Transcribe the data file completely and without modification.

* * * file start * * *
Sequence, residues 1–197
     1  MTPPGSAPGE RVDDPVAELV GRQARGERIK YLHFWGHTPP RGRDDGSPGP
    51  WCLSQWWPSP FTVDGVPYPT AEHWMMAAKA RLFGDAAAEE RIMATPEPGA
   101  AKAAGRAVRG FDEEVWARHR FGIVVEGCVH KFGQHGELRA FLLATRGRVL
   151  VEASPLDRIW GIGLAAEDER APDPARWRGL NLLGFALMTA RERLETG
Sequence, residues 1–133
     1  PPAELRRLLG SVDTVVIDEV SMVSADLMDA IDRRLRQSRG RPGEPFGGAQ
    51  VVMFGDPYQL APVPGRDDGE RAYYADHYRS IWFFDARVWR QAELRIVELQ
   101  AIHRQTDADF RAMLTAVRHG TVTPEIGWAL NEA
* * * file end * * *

Sequence, residues 1–197
     1  MTPPGSAPGE RVDDPVAELV GRQARGERIK YLHFWGHTPP RGRDDGSPGP
    51  WCLSQWWPSP FTVDGVPYPT AEHWMMAAKA RLFGDAAAEE RIMATPEPGA
   101  AKAAGRAVRG FDEEVWARHR FGIVVEGCVH KFGQHGELRA FLLATRGRVL
   151  VEASPLDRIW GIGLAAEDER APDPARWRGL NLLGFALMTA RERLETG
Sequence, residues 1–133
     1  PPAELRRLLG SVDTVVIDEV SMVSADLMDA IDRRLRQSRG RPGEPFGGAQ
    51  VVMFGDPYQL APVPGRDDGE RAYYADHYRS IWFFDARVWR QAELRIVELQ
   101  AIHRQTDADF RAMLTAVRHG TVTPEIGWAL NEA